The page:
MAGNET Exclusive: Premiere Of Israel Nash’s “Dividing Lines”

Perhaps more than some of us, musicians are a product of their own changing environment. Israel Nash is no exception. A move from New York to Dripping Springs, Texas, in 2013 touched off a sonic epiphany for Nash, who reeled off a trio of albums immersed in the wide-open Hill Country mystique and the natural sounds and rhythms of life off the grid.

Just steps from his home, he built his own studio, Plum Creek Sound, with a killer view of the rugged countryside. When he’s not outside on the deck taking in the scenery, he’s churning out songs—even between rolling power outages in this winter’s supernatural chill.

“We had blackouts on and off for three days,” says Nash. “Then we had no power at all for three more days.”

As it turns out, Nash’s latest batch of music is not the product of his most recent creative spurt. He’s saving those songs for a later date. But the self-released Topaz (co-produced by Black Pumas’ Adrian Quesada) is one hell of placeholder. Nash’s music has become an increasingly effortless collision of classic rock, psychedelia, folk and Americana, and Topaz adds Memphis to the mix—complete with horns and soulful female backup singers. You won’t hear any of that on this stripped-down performance of “Dividing Lines,” captured at Plum Creek with just Nash on piano. But it does nail the plain-spoken essence of the song’s plea for a more humane approximation of sanity in our fractured country.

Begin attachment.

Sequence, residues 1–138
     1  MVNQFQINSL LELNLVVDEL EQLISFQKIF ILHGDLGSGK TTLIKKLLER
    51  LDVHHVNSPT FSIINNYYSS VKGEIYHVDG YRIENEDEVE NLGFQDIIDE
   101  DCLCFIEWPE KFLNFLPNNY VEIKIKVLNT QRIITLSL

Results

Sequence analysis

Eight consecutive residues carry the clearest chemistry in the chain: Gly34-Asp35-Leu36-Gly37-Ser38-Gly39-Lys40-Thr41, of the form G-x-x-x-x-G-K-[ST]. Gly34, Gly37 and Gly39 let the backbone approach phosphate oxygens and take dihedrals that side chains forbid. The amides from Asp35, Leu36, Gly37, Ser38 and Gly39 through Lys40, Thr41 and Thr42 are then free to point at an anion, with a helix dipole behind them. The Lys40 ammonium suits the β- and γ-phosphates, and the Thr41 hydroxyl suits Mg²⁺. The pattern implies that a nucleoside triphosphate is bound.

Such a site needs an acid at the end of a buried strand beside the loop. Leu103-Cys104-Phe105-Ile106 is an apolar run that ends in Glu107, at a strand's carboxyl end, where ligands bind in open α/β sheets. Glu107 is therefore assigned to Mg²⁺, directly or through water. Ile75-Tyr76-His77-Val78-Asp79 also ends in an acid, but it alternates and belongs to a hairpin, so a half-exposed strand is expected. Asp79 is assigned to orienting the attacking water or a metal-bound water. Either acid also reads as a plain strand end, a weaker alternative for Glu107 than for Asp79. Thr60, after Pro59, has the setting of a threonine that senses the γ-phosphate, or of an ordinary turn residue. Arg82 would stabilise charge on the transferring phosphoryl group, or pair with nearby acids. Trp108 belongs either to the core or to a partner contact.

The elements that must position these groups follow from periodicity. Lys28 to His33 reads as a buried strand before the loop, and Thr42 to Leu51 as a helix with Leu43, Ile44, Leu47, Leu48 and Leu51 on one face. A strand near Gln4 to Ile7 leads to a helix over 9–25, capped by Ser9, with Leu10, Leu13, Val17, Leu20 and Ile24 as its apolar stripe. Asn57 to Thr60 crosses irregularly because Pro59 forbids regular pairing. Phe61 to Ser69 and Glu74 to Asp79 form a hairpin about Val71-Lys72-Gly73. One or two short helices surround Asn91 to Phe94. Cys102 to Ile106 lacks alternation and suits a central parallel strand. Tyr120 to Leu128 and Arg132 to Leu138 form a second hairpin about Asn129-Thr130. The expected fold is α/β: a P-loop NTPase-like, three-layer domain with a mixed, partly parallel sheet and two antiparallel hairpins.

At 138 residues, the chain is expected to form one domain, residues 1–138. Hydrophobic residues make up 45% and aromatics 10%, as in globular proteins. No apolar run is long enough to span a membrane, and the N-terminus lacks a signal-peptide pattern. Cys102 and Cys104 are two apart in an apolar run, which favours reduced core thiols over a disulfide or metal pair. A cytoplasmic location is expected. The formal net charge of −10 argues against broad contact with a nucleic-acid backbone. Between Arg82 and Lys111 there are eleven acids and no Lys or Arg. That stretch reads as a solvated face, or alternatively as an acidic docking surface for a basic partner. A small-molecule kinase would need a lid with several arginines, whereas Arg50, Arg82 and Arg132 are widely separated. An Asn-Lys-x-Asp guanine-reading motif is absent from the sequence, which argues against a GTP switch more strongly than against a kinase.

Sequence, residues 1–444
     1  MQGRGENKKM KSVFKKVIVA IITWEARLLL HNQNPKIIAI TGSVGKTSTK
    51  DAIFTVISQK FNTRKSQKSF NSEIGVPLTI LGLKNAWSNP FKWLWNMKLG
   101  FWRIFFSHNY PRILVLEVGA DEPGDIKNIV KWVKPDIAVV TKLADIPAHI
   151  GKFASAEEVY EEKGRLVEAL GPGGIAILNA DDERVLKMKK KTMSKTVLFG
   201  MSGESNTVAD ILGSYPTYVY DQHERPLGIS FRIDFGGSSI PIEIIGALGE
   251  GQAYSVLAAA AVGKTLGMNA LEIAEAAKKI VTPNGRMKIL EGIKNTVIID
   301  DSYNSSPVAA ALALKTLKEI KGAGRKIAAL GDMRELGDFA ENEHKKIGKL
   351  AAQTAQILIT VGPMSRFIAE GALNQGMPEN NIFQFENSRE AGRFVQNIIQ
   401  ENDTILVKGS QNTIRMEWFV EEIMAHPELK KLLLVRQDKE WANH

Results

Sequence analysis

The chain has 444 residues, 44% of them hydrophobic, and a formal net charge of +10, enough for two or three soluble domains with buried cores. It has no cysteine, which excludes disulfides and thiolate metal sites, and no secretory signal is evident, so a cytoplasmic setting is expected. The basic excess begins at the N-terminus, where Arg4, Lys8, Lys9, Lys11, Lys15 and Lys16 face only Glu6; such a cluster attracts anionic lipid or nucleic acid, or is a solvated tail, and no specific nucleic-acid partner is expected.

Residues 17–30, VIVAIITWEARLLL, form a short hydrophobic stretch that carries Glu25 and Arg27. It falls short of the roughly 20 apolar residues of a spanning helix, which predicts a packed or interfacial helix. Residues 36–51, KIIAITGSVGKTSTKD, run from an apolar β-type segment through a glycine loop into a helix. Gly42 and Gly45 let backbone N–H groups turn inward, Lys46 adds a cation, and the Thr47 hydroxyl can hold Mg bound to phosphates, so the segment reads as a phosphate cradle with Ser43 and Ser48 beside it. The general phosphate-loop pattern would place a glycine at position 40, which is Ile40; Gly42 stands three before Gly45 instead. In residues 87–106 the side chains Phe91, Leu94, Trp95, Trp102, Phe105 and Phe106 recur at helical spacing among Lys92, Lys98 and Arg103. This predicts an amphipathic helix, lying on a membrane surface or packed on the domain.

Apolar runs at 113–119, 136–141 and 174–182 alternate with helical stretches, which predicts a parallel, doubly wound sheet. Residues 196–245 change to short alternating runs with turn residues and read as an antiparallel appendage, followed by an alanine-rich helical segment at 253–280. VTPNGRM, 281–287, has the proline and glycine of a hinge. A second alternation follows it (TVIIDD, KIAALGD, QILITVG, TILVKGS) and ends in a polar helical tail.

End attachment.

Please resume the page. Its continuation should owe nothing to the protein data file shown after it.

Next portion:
“I’d been working on that song for a couple of years,” says Nash. “I had the chorus, but I couldn’t get the verse, so I just dropped it. But it just kept sticking around, and I finally hit it on the verse. Sometimes, it’s a different instrument that gets you going. On the piano, it just made sense.” 

After a string of albums that downplay his vocal range and emotive depth, Nash lets loose on “Dividing Lines.”

“I wanted the ending to be chaotic to reflect all the divisions we have in our country right now,” he says. “That failure to see our similarities is so sad.”

—Hobart Rowland